Researchers from the Universities of Tübingen and Zaragoza have discovered a previously unknown species of otter from 11.4-million-year-old strata at the Hammerschmiede fossil site.
Alcoholic beverages have long been known to serve an important socio-cultural function in ancient societies, including at ritual feasts.
Tyrannosaurus rex was not just a huge beast with a big bite, it had nerve sensors in the very tips of its jaw enabling it to better detect – and eat – its prey, a new study published in the peer-reviewed journal Historical Biology today finds.
Exquisitely preserved fossils left behind by creatures living more than half a billion years ago reveal in great detail identical structures that researchers have long hypothesized must have contributed to the archetypal brain that has been inherited by all arthropods.
Sir David Attenborough has named it one of his favourite places on Earth, and the world will soon see why via an immersive virtual tour of the iconic Flinders Ranges.
Researchers at the University of Washington have discovered the first fossil evidence of an ancient amphibian, Micropholis stowi, from Antarctica. Micropholis lived in the Early Triassic, shortly after Earth’s largest mass extinction. It was previously known only from fossils in South Africa.
A new study out of the University of Chicago, the Canadian Museum of Nature and the Albany Museum challenges a long-held hypothesis that the blind, filter-feeding larvae of modern lampreys are a holdover from the distant past, resembling the ancestors of all living vertebrates, including ourselves.
Neandertals — the closest ancestor to modern humans — possessed the ability to perceive and produce human speech, according to a new study published by an international multidisciplinary team of researchers including Binghamton University anthropology professor Rolf Quam and graduate student Alex Velez.
A new study published Feb. 24 in the journal Royal Society Open Science documents the earliest-known fossil evidence of primates. These creatures lived less than 150,000 years after the Cretaceous-Paleogene mass extinction event that killed off non-avian dinosaurs and saw the rise of mammals.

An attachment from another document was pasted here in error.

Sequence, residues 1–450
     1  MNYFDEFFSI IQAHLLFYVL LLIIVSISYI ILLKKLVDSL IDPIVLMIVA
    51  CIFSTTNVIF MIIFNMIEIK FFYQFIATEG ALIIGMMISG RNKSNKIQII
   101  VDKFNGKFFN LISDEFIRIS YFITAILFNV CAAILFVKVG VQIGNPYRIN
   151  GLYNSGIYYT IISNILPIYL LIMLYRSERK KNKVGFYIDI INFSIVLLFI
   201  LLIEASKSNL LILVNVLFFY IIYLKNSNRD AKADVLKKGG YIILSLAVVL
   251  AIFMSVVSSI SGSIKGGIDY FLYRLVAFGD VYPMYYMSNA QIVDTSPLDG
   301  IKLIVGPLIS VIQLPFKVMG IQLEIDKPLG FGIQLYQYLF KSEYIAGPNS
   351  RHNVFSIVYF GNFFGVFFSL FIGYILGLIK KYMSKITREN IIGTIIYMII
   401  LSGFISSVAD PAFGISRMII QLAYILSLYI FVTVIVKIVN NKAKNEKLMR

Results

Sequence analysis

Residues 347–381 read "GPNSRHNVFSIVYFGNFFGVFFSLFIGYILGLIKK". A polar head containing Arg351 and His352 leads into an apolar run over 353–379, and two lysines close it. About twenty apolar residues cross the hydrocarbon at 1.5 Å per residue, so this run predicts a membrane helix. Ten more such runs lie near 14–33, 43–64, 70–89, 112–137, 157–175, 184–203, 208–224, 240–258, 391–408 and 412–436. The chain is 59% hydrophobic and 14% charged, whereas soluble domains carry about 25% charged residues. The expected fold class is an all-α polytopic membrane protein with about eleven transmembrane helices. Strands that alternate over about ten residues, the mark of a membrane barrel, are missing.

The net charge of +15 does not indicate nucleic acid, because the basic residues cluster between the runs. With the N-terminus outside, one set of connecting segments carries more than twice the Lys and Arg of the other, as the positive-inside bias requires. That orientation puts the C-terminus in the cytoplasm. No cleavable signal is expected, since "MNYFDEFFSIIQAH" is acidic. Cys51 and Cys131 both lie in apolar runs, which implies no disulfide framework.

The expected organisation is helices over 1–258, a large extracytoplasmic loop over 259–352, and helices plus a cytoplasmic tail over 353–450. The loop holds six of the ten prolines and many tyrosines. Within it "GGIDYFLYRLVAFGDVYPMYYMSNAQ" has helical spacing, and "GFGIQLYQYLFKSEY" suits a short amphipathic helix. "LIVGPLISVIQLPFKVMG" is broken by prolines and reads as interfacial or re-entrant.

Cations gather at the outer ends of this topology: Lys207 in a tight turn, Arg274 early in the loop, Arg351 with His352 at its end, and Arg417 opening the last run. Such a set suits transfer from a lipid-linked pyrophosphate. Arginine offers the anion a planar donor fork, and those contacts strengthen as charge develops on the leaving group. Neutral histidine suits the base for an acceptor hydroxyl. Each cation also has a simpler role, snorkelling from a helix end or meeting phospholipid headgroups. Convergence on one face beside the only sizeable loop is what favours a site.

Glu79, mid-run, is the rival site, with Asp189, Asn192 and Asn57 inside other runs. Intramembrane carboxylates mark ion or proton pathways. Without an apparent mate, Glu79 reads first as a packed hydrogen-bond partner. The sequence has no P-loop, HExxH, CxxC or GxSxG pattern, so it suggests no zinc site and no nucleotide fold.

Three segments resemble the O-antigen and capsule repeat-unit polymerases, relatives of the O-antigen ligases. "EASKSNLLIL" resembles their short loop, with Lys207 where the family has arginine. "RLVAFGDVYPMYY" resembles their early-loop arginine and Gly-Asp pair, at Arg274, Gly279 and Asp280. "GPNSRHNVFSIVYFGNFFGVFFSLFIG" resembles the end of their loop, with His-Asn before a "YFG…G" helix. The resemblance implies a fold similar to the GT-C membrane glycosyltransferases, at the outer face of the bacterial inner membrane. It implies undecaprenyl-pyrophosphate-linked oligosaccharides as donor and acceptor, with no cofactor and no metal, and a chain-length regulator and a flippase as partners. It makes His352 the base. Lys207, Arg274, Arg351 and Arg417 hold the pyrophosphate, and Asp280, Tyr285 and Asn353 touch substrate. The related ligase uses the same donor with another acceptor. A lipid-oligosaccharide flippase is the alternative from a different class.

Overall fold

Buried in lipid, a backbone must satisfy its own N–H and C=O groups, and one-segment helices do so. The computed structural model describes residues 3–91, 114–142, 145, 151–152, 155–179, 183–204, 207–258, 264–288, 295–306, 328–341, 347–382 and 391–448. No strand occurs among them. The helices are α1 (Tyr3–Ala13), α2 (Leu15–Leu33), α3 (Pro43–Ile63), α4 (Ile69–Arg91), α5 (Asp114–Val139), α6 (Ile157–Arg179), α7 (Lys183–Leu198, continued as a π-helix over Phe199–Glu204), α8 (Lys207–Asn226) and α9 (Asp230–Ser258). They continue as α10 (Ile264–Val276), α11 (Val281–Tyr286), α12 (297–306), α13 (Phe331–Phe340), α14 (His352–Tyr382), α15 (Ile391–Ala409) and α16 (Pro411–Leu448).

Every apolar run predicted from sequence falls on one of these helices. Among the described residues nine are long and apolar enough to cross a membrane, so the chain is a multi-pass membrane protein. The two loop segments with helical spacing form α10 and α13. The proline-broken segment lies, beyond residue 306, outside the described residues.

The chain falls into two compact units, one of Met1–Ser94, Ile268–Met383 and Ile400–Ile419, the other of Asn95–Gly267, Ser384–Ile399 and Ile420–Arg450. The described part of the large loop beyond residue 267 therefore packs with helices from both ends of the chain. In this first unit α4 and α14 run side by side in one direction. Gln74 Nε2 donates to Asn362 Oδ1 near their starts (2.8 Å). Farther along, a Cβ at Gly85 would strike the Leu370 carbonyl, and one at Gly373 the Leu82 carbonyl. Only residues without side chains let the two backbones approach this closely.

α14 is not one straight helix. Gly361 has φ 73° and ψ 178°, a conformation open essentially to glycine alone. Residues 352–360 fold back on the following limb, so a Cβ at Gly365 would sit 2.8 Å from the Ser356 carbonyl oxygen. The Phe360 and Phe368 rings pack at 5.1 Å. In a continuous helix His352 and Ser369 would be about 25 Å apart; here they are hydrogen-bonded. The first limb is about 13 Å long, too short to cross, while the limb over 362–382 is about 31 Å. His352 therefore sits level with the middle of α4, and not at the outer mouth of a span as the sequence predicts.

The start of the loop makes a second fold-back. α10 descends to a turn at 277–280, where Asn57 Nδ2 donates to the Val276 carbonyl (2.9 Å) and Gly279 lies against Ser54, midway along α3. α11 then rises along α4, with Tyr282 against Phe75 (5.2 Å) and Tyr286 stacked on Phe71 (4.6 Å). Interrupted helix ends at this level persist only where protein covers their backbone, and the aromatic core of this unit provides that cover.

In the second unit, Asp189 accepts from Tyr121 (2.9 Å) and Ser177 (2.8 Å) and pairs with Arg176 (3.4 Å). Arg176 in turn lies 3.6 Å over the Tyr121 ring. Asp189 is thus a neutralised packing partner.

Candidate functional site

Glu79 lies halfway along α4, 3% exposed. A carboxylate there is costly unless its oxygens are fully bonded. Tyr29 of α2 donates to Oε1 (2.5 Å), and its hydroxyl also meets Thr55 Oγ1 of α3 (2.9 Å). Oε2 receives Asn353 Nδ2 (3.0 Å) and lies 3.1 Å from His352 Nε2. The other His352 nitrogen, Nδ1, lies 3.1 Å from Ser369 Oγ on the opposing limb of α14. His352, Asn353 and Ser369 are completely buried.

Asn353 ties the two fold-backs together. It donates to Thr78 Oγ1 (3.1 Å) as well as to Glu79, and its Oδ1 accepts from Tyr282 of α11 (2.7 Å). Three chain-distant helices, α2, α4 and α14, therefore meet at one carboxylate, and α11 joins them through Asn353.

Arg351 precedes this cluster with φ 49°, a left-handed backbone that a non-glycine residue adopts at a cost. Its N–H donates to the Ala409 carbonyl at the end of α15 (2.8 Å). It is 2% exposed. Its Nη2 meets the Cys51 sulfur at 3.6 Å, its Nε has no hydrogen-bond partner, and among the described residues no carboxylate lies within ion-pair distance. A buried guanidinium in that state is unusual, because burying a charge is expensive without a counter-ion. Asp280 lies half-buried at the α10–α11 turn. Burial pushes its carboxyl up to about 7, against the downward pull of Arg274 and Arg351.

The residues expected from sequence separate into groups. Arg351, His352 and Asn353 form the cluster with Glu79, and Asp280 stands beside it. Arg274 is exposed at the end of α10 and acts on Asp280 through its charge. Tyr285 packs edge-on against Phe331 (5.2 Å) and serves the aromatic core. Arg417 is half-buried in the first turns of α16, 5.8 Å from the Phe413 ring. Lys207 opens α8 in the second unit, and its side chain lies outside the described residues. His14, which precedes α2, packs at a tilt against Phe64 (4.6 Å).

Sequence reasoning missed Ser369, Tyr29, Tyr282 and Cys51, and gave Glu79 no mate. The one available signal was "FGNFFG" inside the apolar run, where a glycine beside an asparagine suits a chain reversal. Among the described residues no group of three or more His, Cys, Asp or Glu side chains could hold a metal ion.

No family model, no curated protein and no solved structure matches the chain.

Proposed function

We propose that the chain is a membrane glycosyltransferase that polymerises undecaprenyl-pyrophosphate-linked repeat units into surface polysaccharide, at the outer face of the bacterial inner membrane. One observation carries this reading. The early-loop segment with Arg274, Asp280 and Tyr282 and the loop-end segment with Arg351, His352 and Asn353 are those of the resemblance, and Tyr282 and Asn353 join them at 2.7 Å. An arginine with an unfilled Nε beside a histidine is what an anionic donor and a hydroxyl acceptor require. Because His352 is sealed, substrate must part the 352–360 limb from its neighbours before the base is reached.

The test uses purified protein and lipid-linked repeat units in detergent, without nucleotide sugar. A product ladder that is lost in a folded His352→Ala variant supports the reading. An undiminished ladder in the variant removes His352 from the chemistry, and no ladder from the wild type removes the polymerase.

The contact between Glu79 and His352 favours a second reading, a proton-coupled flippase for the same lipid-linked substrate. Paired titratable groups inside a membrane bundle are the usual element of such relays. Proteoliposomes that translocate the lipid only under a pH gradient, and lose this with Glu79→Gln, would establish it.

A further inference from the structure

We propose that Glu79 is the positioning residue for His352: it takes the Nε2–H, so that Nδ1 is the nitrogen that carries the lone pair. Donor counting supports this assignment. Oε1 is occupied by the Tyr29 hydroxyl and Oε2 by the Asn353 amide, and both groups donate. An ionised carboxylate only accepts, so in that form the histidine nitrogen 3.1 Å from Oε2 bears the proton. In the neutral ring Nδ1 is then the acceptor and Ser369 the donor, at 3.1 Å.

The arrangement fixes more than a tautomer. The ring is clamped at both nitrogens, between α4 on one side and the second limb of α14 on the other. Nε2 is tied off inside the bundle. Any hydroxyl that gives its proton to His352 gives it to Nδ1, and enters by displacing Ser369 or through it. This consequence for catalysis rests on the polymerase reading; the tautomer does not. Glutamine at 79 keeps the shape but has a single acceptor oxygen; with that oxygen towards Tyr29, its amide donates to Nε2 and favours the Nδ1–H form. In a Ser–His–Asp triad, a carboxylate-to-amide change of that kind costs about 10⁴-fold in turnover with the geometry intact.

Scientists have resolved a key climate change mystery, showing that the annual global temperature today is the warmest of the past 10,000 years – contrary to recent research, according to a Rutgers-led study in the journal Nature. The long-standing mystery is called the “Holocene temperature conundrum,” with some skeptics contending that climate model predictions of future warming must be wrong. The scientists say their findings will challenge long-held views on the temperature history in the Holocene era, which began about 12,000 years ago.
A study of more than 1,400 protein-coding genes of fleas has resolved one of the longest standing mysteries in the evolution of insects, reordering their placement in the tree of life and pinpointing who their closest relatives are.
Ancient deep sea creatures called radiodonts had incredible vision that likely drove an evolutionary arms race according to new research published today.
Scientists from the University of Bristol and the Royal Veterinary College (RVC) used three-dimensional computer modelling to investigate the hindlimb of Euparkeria capensis–a small reptile that lived in the Triassic Period 245 million years ago–and inferred that it had a “mosaic” of functions in locomotion.
To date only the length of the legendary giant shark Megalodon had been estimated but now, a new study led by the University of Bristol and Swansea University has revealed the size of the rest of its body, including fins that are as large as an adult human.
It’s one of the best-known geological heritage sites around the world, filled with fossils and glacial secrets. Now, thanks to virtual reality technology, the ice-age past of Hallett Cove Conservation Park is revealed in a new, gamified VR experience – Beyond the Ice – and is launched this week as part of National Science Week.
Scientists studying fossils collected 35 years ago have identified them as the oldest-known scorpion species, a prehistoric animal from about 437 million years ago. The researchers found that the animal likely had the capacity to breathe in both ancient oceans and on land.
New Brunswick, N.J. (Dec. 23, 2019) – The southern Greenland Ice Sheet may experience precipitous melting this century due to a much smaller temperature increase than scientists thought would be required, according to a Rutgers co-authored study. The global sea level…
In a co-authored paper published online in the journal Anthropocene, University of Illinois at Chicago paleontologist Roy Plotnick argues that the fossil record of mammals will provide a clear signal of the Anthropocene era.
Computational fluid dynamics can be used to study how extinct animals used to swim. Scientists studied 65 million-year-old cephalopod fossils to gain deeper understanding of modern-day cephalopod ecosystems.